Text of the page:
Vanity Fair By William Makepeace Thackeray Character Analysis William Dobbin

Thackeray has called this book a novel without a hero. Actually the only gentleman in the book is William Dobbin, but as Thackeray takes pains to point out, his feet are too big for him to qualify in Vanity Fair. His name indicates a plodder—a workhorse—a dog, even; his devotion to Amelia is dog-like. But, in the end, even Becky, the most ardent admirer of Vanity Fair, wishes she might have had a man like Dobbin, in spite of his big feet.

Dobbin first appears in defense of little George Osborne, whereat George is shamed that his defender is not of a higher social status. Dobbin appears thereafter as the guardian of George's and Amelia's interests. It is he who sees that they marry, that George is more or less kind to Amelia; and after George's death, it is Dobbin who reconciles old Osborne to Amelia, whereby both Amelia and Georgy have position and wealth.

This is George's opinion of Dobbin: "There's not a finer fellow in the service, nor a better officer, though he is not an Adonis." Again he is described as "a lanky-gawky fellow … tumbles over everybody."

Dobbin exerts a good influence over little George in that he gives him some values in place of those of Vanity Fair. When Georgy thinks it is vulgar to sit in the pit at the theater, Dobbin lets him sit where he likes but goes to the pit himself. Georgy soon follows. Dobbin is not only a favorite with Georgy but with all who know him.

Thackeray gives his definition of gentlemen and he means this to be a description of Dobbin: ". . . whose aims are generous, whose truth is constant, and not only constant in its kind, but elevated in its degree; whose want of meanness makes them simple: who can look the world honestly in the face with an equal manly sympathy for the great and the small . . ."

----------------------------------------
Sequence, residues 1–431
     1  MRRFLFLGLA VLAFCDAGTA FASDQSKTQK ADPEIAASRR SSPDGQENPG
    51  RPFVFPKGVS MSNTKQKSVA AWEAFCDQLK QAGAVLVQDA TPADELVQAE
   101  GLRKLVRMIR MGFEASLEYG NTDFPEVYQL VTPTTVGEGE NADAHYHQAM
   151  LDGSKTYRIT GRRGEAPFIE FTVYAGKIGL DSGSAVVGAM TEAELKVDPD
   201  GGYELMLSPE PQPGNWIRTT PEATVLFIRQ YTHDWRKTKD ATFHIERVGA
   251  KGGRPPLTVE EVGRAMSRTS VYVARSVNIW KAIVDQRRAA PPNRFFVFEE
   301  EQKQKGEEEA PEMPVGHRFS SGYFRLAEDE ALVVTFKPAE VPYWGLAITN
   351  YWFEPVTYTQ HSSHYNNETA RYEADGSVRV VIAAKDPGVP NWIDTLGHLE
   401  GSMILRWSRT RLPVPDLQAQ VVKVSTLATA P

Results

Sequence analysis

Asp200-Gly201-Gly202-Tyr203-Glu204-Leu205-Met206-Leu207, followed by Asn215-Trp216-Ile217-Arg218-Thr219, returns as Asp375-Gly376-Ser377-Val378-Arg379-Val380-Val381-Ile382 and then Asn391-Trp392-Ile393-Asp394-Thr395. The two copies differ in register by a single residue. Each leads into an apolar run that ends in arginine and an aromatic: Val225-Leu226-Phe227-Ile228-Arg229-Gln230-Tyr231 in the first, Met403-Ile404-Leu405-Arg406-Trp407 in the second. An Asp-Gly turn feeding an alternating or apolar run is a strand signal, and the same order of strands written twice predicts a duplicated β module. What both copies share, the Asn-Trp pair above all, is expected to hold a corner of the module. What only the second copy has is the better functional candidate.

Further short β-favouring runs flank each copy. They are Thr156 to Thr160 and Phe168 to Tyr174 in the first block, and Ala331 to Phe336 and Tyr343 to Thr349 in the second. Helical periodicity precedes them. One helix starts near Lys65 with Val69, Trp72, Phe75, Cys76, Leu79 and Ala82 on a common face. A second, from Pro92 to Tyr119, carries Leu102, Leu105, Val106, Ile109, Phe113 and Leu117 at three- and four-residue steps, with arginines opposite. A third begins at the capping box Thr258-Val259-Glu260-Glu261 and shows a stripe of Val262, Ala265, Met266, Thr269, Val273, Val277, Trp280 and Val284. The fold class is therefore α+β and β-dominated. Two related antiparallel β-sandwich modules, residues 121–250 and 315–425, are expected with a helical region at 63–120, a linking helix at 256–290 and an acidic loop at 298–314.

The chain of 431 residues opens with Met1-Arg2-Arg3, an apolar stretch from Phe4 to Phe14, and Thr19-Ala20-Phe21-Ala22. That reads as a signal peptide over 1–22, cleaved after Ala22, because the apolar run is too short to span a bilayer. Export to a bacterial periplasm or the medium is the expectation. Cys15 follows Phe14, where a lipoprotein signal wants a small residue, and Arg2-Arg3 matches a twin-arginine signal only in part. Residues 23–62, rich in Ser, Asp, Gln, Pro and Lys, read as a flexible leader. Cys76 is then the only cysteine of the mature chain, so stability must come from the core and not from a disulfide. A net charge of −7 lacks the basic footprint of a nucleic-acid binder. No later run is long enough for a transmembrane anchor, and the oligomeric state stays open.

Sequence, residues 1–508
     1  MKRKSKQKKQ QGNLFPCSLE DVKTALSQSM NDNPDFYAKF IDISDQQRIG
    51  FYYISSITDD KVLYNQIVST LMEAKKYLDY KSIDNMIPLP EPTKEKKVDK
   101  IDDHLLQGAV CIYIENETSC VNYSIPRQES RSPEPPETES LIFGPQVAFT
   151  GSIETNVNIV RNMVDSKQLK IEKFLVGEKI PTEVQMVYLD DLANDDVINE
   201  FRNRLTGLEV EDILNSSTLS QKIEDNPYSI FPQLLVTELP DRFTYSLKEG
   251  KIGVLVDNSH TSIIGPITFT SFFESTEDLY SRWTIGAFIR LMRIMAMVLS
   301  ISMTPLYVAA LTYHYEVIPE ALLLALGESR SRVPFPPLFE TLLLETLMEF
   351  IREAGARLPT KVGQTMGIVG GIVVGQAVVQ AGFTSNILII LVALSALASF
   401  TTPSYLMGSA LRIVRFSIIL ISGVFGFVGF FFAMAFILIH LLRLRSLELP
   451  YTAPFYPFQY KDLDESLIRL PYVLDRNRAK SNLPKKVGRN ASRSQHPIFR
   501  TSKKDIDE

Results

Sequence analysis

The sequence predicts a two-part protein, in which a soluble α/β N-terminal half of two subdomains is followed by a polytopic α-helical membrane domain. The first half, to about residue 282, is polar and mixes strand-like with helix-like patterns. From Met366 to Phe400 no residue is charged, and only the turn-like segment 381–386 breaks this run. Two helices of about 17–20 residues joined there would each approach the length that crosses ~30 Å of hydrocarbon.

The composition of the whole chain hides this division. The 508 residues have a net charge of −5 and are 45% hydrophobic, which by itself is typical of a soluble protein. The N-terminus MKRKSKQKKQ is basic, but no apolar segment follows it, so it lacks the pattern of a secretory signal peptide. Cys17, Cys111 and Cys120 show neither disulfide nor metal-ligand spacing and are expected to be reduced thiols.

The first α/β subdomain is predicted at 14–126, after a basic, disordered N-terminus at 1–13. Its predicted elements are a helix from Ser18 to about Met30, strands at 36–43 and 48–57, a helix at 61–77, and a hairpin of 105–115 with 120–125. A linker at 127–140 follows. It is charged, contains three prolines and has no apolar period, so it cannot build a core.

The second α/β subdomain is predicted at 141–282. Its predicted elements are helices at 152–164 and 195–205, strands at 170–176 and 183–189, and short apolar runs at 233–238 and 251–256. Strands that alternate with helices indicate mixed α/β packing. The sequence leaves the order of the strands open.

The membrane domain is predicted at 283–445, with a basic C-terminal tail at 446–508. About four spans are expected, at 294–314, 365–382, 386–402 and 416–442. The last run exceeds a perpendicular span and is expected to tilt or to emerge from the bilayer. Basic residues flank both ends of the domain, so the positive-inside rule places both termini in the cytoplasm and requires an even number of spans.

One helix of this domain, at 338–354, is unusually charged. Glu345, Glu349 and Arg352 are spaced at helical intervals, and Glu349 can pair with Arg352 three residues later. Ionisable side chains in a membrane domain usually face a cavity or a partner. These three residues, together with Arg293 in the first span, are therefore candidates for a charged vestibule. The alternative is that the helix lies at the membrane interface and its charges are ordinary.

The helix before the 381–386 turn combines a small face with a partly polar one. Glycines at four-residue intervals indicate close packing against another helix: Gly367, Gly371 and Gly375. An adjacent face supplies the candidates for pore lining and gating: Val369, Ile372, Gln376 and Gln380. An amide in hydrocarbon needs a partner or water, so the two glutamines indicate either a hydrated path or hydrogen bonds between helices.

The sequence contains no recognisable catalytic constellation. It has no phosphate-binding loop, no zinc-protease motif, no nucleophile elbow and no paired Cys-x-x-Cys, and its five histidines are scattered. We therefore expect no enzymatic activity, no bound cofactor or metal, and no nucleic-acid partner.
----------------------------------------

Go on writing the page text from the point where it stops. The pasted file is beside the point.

Dobbin's growth in character begins when he steps out of his habitual modesty and asserts himself. At the beginning when he is in school, shunned and scorned by others because of his awkwardness and because of his father's having furnished food to the establishment, he rises out of himself to defend George. He defeats the enemy, and thereby gains the respect of his fellow students and begins to show better scholarship.

The same kind of growth starts when he finally tells Amelia that she is not worthy of the kind of love he bears her. She begins to wake up, respect him, and has even sent for him before Becky disillusions her about George. Restrained, modest, loyal, and good, Dobbin merits the love of all.

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